Putting It Together


From observation, the planet is hotter and much more arid than Earth. Although there’s no way of calculating absolutely the surface temperature of a world (we can’t even do that for Earth), there are some aspects that need to be addressed. The atmosphere is thinner than Earth’s, although not to the degree that Humans can’t acclimatise. One problem with this is a thinner atmosphere should retain less heat than Earth’s, leading to cooler temperatures. Since it is thinner, “greenhouse” gases like carbon dioxide aren’t likely to make a big difference. The thinner atmosphere is also likely to offer less of a barrier to harmful radiation than the Earth’s atmosphere does. I would speculate that the answer is dust. Vulcan’s sky (like Mars) has a very distinct red colour. The red skies of Mars are caused by fine dust suspended in the air. There’s no reason why a similar mechanism might not operate on Vulcan. Since the “thin” Vulcan atmosphere is still many times more dense than the atmosphere of Mars, a great deal more dust could be held in the air. This is likely to trap heat, and diffuse light and other radiation, making Vulcan warmer and with less ultraviolet light than might otherwise be the case. I would also think that Vulcan has a very intense magnetic field, made stronger rather than weaker by the close proximity of a companion world. This should lead to stronger equivalents to Vulcan’s Van Allen belts, again reducing the dangers of radiation from the system’s stars. The magnetic fields may also hold even more dust, since the red colour of the dust seems to indicate a high iron content. One aspect of the unusually thin atmosphere will be that it tapers off less with altitude, again helping to trap heat more than might otherwise be expected. The end result (I hope) is that average temperatures on the surface of Vulcan are higher than those on Earth.

It has already been suggested that Vulcan has a low degree of axial tilt (one example is the “U.S.S. Enterprise Officer’s Manual” by Geoffrey Mandel, published by Interstellar Associates in 1980), meaning that there are no real “seasons” on the planet. The tropical areas of Earth tend to only have two seasons, and I suspect that the seasons on Vulcan are similar: a “hot” season and a “very hot” season. In making this guess, each season will last half a year, and so there will be four to an r’tas. That means that 2.8 Earth years is equivalent to 9.6 Vulcan seasons. That’s as close as I can get to the suggestion that 9 Vulcan seasons is equivalent to 2.8 Earth years, made on page 21 of “Star Trek: The Motion Picture” by Gene Roddenberry (published by Pocket Books in 1979). It might be stretching things slightly, but it doesn’t absolutely contradict it. Another result of the low angle of tilt is that there are less likely to be polar icecaps. If the water on Vulcan was limited to a scattering of lakes, then I don’t think the planet would have enough water to support life, except in a very marginal way. Either there are some small seas (and there is some evidence for them) or a lot of water in underground basins. I think there is a mixture of the two. I’d also suggest that Vulcans are very particular about the use of water, especially groundwater. Managing the resource is vital to the viability of their society.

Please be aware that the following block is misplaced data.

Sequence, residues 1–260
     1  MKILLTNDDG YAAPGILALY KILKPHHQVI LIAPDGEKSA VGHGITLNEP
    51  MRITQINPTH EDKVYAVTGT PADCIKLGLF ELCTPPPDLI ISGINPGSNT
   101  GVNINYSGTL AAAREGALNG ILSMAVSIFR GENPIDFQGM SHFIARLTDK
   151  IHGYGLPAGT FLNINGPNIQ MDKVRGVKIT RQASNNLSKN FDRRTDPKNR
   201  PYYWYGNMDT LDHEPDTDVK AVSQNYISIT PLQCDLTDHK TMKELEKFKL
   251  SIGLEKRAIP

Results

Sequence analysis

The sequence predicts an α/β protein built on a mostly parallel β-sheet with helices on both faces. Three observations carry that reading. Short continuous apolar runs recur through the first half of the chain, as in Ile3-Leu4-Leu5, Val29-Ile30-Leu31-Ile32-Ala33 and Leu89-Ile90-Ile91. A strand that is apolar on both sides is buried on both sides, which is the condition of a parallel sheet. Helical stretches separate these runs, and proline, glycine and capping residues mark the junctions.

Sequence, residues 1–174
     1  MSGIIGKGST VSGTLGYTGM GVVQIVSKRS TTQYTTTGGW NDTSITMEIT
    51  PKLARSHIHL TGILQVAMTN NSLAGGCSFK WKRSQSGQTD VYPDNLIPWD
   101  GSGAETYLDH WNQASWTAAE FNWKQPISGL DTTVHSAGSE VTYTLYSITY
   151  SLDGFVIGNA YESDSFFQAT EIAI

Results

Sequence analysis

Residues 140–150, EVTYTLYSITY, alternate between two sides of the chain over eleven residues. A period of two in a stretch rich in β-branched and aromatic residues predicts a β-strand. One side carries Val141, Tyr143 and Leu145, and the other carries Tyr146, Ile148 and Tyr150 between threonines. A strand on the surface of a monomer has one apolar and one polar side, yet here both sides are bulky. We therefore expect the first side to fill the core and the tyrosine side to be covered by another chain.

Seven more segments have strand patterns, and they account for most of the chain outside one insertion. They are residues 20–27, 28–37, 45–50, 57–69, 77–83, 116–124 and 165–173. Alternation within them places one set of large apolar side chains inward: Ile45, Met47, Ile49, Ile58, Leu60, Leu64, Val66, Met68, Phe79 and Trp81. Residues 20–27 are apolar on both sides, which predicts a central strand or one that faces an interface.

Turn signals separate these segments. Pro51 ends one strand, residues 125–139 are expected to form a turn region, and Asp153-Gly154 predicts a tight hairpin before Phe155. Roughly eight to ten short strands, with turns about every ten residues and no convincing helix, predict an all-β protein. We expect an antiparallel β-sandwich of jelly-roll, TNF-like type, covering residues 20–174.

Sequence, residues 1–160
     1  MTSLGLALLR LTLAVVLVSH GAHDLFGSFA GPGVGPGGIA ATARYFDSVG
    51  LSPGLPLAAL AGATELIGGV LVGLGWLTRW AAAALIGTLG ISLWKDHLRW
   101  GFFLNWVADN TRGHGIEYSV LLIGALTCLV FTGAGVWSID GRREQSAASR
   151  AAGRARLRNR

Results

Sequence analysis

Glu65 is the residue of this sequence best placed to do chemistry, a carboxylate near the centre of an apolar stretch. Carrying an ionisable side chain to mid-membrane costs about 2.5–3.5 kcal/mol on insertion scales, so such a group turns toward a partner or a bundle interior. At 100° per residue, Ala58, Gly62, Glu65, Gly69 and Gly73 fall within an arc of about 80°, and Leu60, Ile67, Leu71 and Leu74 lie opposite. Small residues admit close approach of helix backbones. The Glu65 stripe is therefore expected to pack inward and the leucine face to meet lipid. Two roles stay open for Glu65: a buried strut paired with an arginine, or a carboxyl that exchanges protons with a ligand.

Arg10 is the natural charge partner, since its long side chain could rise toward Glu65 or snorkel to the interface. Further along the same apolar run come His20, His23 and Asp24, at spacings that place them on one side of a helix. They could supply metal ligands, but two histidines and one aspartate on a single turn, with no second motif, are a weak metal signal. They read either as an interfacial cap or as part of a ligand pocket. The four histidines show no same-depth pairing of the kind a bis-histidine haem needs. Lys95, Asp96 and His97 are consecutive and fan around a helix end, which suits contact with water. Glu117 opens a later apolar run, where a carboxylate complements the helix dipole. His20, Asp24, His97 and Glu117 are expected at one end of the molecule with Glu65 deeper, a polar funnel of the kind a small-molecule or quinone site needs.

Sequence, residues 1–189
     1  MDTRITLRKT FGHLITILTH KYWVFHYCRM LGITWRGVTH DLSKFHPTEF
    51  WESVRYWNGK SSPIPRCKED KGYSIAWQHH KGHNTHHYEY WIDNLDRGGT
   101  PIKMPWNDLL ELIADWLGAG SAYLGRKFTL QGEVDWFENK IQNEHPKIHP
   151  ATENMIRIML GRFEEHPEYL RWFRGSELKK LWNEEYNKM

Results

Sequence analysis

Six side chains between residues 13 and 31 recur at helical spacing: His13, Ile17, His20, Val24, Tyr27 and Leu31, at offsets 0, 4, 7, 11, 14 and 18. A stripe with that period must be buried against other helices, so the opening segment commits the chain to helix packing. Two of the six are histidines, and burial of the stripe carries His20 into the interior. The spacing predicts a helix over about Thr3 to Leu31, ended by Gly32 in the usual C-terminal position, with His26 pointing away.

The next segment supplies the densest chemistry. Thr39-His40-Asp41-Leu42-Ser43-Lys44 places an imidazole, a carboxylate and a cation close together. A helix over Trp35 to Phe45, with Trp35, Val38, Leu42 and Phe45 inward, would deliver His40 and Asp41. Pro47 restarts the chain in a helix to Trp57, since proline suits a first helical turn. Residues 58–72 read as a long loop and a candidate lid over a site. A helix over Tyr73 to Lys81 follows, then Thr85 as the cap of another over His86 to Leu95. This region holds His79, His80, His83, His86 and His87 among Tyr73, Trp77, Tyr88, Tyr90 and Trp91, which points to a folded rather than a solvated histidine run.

Even then, the arid conditions will mean a lot of the planet’s surface is high desert. Whilst Vulcan life is evidently much better adapted to cope, there are limits. It may be that even in the 23rd and 24th centuries, parts of Vulcan are still mainly inhabited by wandering nomadic tribes, although they will be a full part of Vulcan society, and not “primitives” in the sense we would use the term. One aspect of my model is that Vulcan will be a planet of two hemispheres. One will face the companion world, one won’t. With a low level of axial tilt (but not no tilt at all) the two worlds will eclipse each other often, rather than always. Even so, I think that the number of times the companion cuts off sunlight to Vulcan partially or completely will be quite high, possibly enough to make the “inner” hemisphere of Vulcan relatively cooler. It’ll still be a hot desert by our standards, but less so than the “outer” hemisphere. This would mean that there would be more water, meaning more opportunities for agriculture and settlement. My speculation is that Vulcan civilisation is a product of the “inner” hemisphere, and the importance of the companion world featured in Vulcan religion. Certainly the companion is much further up in the sky when the Highlands of Gol are shown in “Star Trek: The Motion Picture” than it was in TAS “Yesteryear.” The obvious explanation is that Gol is much closer to the centre of the “inner” hemisphere than the city of ShiKahr, where the companion is right on the horizon. This raises the intriguing possibility that Mount Seleya is so important in Vulcan culture because it is almost directly in the middle of the “inner” hemisphere, right under the companion. It’s never been shown, but maybe if you look straight up into the sky, there’s an enormous planet hanging right overhead.